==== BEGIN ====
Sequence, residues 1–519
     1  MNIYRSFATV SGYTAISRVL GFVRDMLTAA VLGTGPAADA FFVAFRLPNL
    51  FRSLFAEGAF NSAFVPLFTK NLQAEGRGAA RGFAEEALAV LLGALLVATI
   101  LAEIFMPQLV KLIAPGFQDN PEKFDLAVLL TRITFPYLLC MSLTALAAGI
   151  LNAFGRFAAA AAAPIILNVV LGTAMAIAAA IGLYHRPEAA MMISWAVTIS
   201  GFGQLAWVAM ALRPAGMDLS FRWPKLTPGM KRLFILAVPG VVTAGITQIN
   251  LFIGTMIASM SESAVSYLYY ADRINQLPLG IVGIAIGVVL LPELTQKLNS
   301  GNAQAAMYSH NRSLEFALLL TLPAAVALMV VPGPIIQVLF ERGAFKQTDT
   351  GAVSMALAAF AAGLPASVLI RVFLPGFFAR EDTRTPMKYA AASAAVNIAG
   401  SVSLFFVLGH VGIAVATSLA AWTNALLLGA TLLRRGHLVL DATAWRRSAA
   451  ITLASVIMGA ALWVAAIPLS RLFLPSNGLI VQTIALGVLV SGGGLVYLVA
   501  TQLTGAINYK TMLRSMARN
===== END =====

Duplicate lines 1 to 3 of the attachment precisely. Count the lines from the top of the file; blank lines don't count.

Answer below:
Sequence, residues 1–519
     1  MNIYRSFATV SGYTAISRVL GFVRDMLTAA VLGTGPAADA FFVAFRLPNL
    51  FRSLFAEGAF NSAFVPLFTK NLQAEGRGAA RGFAEEALAV LLGALLVATI